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So in the video, he just pops off the top cover, cleans the passages and re-installs that cover.

He made no mention of cleaning any passage from the EGR valve to that top part though.

Last time I did this, it was on some 3.2 on a 97 Acura CL and of course the whole damn upper intake had to come off. So it seems too good to be true that some silly plate is all that has to come off.

Also, the gasket for that, could one get away with reusing it or do those thing typically get destroyed when removing that cover? Or maybe they are hard and brittle after so long?

My 03 does have a couple EGR codes BUT the engine runs perfect and we are not in an emissions county. So I am wondering if I should even mess with it. You know whenever something is taken apart, there is a chance of something else breaking in the process.
 

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Nobili spiritus embiggens pequeño sparus tyre.
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Good point. The way I see it, I've 4 options:
  1. Clean EGR valve.
  2. Replace EGR valve (less expensive than I would have guessed). 2006 HONDA PILOT 3.5L V6 EGR Valve | RockAuto
  3. The SeaFoam Solution.
  4. Don't fix it if it ain't broke.
If and when I do decide to clean my EGR ports and passages, standing by if I need it I've already got the gasket I nabbed a while ago from one of those periodic Rockauto wholesaler closeout deals for pennies on the dollar (beat you to it again, @Nail Grease :p). Even a fraction of the price of a can of SeaFoam. :)
 

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Good point. The way I see it, I've 4 options:
  1. Clean EGR valve.
  2. Replace EGR valve (less expensive than I would have guessed). 2006 HONDA PILOT 3.5L V6 EGR Valve | RockAuto
  3. The SeaFoam Solution.
  4. Don't fix it if it ain't broke.
If and when I do decide to clean my EGR ports and passages, standing by if I need it I've already got the gasket I nabbed a while ago from one of those periodic Rockauto wholesaler closeout deals for pennies on the dollar (beat you to it again, @Nail Grease :p). Even a fraction of the price of a can of SeaFoam. :)
Forget the SeaFoam.
Just add a quart of this product to your fuel tank and you'll see a similar result.

 

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2016 CRV Touring AWD, 2005 Pilot RIP.
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I removed the top of my 05, sprayed and wiped carb cleaner every nook and cranny and cleaned it up. After 200k it was very clean imho, something I attribute to the fact that it drove distances all the time. Last stop on the engine was to clean the actual ports out. The top itself went into a homer bucket for a wash and wipe down. One fresh gasket later it was all back together.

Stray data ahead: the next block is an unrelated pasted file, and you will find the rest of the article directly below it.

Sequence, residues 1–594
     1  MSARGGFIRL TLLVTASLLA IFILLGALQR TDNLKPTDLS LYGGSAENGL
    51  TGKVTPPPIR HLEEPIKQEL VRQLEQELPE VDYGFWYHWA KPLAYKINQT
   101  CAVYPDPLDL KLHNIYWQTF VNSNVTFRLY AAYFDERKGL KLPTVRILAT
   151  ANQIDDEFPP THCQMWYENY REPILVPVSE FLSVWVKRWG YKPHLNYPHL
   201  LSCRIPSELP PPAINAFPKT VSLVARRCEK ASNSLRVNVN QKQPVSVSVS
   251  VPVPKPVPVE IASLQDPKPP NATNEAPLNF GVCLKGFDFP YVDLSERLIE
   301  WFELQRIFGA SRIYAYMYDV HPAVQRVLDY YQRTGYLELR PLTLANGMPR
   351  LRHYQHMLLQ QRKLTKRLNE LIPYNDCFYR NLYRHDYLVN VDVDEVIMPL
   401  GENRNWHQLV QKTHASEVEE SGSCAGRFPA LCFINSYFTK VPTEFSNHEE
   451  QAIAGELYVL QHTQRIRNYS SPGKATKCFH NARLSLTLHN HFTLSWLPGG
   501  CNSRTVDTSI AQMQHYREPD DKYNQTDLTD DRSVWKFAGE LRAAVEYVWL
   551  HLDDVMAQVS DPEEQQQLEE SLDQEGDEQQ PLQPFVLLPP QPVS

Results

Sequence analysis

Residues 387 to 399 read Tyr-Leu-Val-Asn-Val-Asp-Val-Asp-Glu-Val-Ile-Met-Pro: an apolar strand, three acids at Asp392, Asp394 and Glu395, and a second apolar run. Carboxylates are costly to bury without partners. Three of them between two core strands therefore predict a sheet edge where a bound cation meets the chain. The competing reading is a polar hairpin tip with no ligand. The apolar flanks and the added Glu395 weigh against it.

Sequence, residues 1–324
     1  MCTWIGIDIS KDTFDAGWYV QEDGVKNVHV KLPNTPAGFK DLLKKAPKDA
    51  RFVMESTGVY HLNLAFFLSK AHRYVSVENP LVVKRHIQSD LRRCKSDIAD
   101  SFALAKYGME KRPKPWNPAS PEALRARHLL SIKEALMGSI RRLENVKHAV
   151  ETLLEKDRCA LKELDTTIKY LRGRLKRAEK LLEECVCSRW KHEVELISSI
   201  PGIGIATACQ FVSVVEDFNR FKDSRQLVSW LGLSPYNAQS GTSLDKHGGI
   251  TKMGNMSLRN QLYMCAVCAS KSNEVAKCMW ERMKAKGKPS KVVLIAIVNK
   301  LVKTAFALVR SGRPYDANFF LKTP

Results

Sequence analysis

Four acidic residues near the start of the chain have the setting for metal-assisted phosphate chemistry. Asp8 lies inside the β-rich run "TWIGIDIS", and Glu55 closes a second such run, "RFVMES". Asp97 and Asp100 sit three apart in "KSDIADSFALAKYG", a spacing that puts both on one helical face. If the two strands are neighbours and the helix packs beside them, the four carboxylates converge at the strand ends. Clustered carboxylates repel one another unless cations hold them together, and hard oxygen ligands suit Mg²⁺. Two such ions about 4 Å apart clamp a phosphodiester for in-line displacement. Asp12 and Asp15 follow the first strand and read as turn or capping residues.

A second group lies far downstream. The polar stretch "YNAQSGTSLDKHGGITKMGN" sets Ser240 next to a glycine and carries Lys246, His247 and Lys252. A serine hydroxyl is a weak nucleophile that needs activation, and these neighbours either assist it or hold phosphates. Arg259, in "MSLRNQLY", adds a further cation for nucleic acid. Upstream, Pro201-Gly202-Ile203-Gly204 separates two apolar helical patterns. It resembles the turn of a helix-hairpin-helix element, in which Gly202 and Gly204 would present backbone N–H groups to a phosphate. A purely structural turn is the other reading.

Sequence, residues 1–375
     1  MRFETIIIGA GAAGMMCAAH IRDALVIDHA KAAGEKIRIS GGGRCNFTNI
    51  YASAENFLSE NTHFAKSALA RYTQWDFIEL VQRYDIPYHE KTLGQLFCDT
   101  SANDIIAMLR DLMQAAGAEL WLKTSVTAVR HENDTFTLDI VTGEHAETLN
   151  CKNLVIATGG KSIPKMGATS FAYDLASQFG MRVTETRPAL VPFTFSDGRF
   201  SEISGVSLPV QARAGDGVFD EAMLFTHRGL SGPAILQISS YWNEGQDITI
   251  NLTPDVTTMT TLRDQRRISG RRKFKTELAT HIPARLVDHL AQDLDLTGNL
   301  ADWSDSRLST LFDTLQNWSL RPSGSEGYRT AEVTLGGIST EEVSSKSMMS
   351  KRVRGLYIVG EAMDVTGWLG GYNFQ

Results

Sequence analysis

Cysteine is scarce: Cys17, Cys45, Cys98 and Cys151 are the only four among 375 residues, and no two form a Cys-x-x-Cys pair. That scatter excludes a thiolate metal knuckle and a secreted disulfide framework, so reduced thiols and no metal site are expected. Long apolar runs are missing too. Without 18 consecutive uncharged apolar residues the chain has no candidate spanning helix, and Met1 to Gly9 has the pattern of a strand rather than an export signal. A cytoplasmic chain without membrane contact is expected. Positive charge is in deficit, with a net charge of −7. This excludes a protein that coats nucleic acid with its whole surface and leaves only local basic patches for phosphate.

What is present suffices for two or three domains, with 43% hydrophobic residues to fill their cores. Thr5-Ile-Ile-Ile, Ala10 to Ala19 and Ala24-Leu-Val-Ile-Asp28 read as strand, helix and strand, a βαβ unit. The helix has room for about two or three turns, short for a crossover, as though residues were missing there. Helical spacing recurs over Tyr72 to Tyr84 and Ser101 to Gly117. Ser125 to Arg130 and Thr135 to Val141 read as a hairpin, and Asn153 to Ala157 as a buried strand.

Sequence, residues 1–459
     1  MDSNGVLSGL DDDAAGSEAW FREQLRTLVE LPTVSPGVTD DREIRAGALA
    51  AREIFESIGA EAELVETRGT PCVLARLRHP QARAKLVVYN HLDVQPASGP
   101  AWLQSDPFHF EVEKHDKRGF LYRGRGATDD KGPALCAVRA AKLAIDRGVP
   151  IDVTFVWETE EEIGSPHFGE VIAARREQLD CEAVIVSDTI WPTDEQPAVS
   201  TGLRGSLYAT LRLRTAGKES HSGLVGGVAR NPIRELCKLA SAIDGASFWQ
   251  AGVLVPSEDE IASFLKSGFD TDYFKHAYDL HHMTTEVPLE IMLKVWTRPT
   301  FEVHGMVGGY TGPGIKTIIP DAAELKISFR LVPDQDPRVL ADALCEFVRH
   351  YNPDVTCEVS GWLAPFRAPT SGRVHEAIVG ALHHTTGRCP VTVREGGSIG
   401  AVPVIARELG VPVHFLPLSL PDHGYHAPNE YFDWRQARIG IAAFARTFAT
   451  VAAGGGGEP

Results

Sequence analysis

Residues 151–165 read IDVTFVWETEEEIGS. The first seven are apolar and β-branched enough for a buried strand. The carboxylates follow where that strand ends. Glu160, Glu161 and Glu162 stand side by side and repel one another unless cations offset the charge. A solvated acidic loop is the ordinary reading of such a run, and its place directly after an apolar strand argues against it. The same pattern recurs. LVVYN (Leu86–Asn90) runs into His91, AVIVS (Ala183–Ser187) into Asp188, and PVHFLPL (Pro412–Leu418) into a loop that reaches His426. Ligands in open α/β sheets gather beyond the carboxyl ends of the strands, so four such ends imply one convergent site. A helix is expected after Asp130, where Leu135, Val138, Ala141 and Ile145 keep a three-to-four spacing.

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Nobili spiritus embiggens pequeño sparus tyre.
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Forget the SeaFoam.
Just add a quart of this product to your fuel tank and you'll see a similar result.

Ya know someone's gonna try it. Your esteemed opinion is powerful on this forum.

 

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When doing this cleaning, a person could plan on knocking out several things. I'd purchase a valve cover gasket set that includes grommets and spark plug tube seals and an intake manifold gasket set that includes the plenum and throttle body gasket. Remove and clean the throttle body inside and out. Be careful not to get any cleaning solvent in the throttle control. You'd be surprised how much oily dirt has built up around the butterfly valve. This will require a throttle reset of the ECU. With the plenum removed, you can access the valve covers and stop those oil leaks. Valve adjustment, injector replacement, replace any small cooling lines and vaccum lines if needed. On these older Pilots, I'd chunk that old EGR valve in the garbage and put in a new one. While the EGR valve is off, it's a great time to replace those cam thrust cover gaskets. All made easily accessible with the plenum off.
 
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